SimpleScience@Heart: After ER visit for chest pain, trip to heart doctor may save your life
A lot of folks treated for chest pain in emergency rooms don’t follow up with a heart doctor — possibly increasing their chance of dying.
That’s the finding in a new Canadian study that revealed a quarter of high risk chest pain patients didn’t seek follow-up care after leaving the ER. Those who didn’t follow up within a month received the lowest rate of care and had the worst health outcomes in the study.
On the other hand, patients who saw a cardiologist within a month after leaving the ER were 21 percent less likely to have a heart attack or die within the year. And patients who followed up with a primary care physician were about 7 percent less likely to have a heart attack or die compared to those who didn’t follow up.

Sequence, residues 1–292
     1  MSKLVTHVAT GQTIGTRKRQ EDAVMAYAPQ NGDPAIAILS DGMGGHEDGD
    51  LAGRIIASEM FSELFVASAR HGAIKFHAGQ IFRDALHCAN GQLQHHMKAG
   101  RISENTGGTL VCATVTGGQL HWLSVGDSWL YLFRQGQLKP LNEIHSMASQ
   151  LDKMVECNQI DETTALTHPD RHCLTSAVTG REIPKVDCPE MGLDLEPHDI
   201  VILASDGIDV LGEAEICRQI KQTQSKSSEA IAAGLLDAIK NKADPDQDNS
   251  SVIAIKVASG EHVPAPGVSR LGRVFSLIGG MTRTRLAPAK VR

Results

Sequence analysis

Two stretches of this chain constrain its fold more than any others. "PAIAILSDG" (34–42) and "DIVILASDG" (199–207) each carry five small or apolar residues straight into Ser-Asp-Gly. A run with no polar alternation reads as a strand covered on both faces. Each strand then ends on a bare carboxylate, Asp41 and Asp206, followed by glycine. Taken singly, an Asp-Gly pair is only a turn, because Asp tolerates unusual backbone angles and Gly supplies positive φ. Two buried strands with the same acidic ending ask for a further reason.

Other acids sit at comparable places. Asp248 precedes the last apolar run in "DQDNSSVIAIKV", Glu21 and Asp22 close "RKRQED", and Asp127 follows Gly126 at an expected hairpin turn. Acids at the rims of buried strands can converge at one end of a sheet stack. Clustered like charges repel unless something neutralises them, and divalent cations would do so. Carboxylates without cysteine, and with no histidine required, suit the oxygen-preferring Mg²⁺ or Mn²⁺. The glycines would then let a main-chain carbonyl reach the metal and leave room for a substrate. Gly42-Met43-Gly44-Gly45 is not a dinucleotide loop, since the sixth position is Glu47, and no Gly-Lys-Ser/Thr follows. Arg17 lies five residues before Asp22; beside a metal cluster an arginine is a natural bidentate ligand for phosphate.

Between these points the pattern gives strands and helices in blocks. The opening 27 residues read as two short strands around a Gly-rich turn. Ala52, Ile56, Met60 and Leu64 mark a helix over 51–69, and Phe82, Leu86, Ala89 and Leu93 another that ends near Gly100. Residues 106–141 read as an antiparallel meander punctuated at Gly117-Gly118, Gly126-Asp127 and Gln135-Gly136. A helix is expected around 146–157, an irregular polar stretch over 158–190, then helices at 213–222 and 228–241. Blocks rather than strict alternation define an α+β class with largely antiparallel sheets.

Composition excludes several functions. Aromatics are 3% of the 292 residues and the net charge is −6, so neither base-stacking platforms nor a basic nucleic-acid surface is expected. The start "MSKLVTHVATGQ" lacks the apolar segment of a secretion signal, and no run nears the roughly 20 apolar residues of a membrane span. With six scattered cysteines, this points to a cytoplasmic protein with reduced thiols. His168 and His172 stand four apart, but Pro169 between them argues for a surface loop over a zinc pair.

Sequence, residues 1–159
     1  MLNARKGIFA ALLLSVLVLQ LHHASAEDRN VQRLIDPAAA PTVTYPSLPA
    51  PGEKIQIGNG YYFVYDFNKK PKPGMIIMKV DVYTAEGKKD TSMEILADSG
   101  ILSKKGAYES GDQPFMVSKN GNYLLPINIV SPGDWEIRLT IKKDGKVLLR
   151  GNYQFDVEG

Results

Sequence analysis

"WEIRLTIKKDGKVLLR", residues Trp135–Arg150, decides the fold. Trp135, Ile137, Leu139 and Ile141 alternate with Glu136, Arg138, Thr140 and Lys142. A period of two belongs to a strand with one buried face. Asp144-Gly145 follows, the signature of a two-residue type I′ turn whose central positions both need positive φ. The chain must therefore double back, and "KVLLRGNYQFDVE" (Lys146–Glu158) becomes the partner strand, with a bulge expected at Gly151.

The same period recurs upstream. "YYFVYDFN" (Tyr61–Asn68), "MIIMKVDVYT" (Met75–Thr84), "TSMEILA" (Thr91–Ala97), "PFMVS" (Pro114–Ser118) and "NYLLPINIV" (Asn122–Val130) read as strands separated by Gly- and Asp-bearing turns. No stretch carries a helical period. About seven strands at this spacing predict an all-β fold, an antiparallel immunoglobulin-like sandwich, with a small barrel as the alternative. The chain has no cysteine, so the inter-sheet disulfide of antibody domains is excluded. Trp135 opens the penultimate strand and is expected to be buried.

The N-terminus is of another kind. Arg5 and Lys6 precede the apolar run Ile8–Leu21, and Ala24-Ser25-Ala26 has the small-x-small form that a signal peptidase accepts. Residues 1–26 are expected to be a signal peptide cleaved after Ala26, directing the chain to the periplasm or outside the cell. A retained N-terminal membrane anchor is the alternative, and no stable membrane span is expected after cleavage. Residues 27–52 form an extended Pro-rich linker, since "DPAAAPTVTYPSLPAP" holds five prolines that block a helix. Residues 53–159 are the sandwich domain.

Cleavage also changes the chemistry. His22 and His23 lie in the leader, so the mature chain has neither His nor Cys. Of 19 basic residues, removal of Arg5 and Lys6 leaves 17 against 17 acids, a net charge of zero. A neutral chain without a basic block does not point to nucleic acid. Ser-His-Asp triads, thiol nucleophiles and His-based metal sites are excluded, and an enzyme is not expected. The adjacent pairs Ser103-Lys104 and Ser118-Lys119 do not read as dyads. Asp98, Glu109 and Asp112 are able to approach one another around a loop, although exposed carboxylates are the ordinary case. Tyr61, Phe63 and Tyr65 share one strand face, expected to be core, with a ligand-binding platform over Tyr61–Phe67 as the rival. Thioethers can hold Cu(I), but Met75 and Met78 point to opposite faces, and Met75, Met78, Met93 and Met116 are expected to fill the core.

Chest pain is the most common reason people go to the emergency room in developed countries and accounts for more than 5 million ER visits each year in the United States.
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